Scots carer issued warning after asking service user “do you love me” and making slew of “inappropriate comments” to colleague

A SCOTS carer has been issued a warning after asking a service user if they loved her and making a slew of “inappropriate comments” to a colleague.

Kesna Kader was employed as a care assistant with Tanshe Limited at Fidra Care Home in North Berwick, East Lothian during the offences committed in February this year.

Pictured: Fidra Care Home in North Berwick, East Lothian. (C) Google Maps.

Kader was found to have “nuzzled” into the neck of an anonymous service user – referred to only as AA – before asking them if they loved her and if they would marry her.

Kader further also called an unnamed colleague “chubby” before asking: “Do you live in a council house?”

She also told the same colleague: “It’s a good thing you have a husband as no one would have you after having three children.”

The carer’s behaviour led to a hearing of care watchdog, the Scottish Social Services Council (SSSC) who deemed Kader’s fitness to practice impaired, subsequently issuing her a warning.

The SSSC’s full report reads: “On or around 24 February 2023, while employed as Care Assistant with Tanshe Limited at Fidra Care Home in North Berwick, and during the course of that employment, you did:

“While assisting AA, a person who uses services, with their personal care:

“[You did] Nuzzle your face into AA’s neck, say “Will you marry me” or words to that effect, say “No you are marrying me” or words to that effect [and] say “Do you love me” or words to that effect.

“In relation to colleague ZZ:

“[You did] call her “chubby” on more than one occasion, ask “Do you live in a council house” or words to that effect, ask “Did you have your children vaginally” or words to that effect [and] say “It’s a good thing you have a husband as no one would have you after having three children” or words to that effect.

“Your fitness to practice is impaired because social service workers are trusted to care for the persons under their care.

“They are expected to protect them, where possible from harm and abuse and never to neglect them.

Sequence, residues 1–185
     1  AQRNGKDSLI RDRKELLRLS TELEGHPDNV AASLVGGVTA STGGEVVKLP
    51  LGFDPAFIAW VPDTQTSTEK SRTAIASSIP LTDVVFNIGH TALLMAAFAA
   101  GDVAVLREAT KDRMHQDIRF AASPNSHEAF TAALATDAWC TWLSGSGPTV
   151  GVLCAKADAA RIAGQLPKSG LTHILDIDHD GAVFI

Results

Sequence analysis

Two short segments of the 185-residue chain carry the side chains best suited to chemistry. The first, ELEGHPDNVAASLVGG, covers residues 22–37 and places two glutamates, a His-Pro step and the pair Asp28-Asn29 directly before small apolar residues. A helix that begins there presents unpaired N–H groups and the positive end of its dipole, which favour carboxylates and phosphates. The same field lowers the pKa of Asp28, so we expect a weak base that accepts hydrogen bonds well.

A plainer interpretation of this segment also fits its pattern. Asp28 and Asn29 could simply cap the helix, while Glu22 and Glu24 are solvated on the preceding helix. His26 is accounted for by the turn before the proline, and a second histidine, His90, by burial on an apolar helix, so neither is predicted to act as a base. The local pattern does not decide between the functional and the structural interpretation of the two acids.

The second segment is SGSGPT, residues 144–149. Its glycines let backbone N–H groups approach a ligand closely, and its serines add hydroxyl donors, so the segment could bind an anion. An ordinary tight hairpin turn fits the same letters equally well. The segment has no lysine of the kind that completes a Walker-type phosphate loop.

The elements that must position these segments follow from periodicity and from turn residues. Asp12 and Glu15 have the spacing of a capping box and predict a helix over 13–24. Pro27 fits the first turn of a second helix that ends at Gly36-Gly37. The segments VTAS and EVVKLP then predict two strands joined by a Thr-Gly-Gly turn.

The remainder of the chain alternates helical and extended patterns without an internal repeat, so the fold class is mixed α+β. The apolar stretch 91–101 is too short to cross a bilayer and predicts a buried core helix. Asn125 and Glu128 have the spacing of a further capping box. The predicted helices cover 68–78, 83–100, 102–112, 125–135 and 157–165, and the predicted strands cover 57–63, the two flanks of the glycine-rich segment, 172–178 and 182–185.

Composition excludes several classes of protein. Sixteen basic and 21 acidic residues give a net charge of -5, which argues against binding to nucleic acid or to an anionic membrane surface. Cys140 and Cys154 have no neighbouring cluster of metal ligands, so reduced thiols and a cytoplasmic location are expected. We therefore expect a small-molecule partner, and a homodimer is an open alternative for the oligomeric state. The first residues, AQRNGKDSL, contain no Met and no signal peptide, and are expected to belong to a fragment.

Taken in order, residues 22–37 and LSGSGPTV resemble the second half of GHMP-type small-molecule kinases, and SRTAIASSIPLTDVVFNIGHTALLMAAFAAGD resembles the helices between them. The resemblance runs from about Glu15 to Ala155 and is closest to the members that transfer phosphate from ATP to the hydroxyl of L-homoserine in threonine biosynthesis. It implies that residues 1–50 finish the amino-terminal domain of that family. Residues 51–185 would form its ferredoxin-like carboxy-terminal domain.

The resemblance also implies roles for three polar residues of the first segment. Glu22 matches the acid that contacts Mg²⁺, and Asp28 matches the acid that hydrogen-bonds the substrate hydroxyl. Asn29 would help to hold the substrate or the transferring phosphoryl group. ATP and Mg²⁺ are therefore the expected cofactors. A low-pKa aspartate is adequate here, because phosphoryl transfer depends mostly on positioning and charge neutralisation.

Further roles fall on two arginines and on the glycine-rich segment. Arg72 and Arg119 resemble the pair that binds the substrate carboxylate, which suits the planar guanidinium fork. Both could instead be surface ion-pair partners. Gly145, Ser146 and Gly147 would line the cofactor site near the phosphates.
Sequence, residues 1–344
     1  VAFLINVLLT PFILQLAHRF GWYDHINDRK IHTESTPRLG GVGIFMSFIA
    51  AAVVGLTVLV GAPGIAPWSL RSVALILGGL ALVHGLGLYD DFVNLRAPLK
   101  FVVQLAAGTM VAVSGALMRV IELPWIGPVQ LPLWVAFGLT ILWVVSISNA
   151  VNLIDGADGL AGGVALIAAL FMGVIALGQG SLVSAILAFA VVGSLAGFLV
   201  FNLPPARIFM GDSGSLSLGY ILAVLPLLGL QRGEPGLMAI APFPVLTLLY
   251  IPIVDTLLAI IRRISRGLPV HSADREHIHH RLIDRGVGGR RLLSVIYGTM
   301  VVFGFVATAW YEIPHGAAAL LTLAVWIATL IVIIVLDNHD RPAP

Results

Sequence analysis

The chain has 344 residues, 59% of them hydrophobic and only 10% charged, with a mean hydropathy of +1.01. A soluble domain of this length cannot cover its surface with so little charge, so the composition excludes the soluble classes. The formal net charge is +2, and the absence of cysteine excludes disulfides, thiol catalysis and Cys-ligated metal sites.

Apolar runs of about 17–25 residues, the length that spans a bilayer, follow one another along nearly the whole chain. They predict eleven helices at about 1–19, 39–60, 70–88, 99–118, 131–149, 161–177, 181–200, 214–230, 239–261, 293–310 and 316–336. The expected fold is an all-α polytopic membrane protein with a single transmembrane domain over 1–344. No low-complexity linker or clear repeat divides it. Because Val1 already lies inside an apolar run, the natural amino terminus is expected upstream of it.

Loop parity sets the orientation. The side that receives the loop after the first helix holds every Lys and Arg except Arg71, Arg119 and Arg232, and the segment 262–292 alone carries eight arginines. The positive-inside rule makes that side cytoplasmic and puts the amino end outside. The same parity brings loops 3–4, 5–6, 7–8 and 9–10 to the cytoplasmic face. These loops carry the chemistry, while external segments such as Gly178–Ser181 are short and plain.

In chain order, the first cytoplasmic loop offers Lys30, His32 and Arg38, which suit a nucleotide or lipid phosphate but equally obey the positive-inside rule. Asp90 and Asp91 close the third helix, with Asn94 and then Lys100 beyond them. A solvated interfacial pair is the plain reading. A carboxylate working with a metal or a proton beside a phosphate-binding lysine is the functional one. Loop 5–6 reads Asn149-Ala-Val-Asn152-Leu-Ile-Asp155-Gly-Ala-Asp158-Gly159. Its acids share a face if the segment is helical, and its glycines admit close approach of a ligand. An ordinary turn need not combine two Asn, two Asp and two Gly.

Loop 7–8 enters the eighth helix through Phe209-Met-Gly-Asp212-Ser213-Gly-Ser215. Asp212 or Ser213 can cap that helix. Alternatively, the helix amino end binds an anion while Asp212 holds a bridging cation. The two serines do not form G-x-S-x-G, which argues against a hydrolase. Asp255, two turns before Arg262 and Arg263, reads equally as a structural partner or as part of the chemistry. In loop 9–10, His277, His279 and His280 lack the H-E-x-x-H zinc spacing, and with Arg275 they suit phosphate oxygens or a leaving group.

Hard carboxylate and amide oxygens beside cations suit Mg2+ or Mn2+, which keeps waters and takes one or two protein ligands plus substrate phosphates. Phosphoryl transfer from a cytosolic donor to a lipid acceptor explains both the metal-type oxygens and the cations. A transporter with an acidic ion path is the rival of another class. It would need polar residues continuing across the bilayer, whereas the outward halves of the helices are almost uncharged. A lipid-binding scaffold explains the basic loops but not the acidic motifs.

“By using inappropriate language or words, you have put the service user at risk and subjected them to unnecessary stress.

“The remarks made to the service user, could be assessed as being intimidating and falls well below the expected standards.

“Social service workers must work openly and honestly with their colleagues and treat them with respect.

“They must not abuse or use derogatory remarks which could cause a colleague to feel embarrassed, intimidated and show disregard for her position.

“The behaviour that you have shown represents a serious breach of personal boundaries to make inappropriate comments like these to a service user, even if the intention was to have a joke.

“The comments made could confuse or upset the service user involved. The comments you made to your colleague are also inappropriate and likely to cause offence and upset.”

Kader was found to have shown some remorse for her actions but denied some of the allegations.

The panel stated: “You have shown some insight and regret in the statement you provided to your employer and in the personal statement, however there are parts in which you deny making comments.

“While this incident was isolated, this happened during the course of your shift, you have acted in a manner which falls well below the standards expected of a social service worker.

“The finding of impairment in [sic] necessary for the SSSC to mark the unacceptable nature of your behaviour and also to maintain the confidence in the integrity of the register and the SSSC as the regulatory body.”

The panel agreed that a six-month warning was the most appropriate sanction, stating: “After referring to our decisions guidance, we decided the appropriate sanction is to place a warning on your registration for a period of six months.

“The incident occurred within the room of a service user in a care home setting, where it is expected that they should be safe and secure.

“The service user involved in the incident does not have the capacity, however it can be assessed that the comments that were made caused upset and embarrassment.

“The colleague to whom the comments were made, stated that she felt uncomfortable.”

The warning came into effect on 23 November 2023.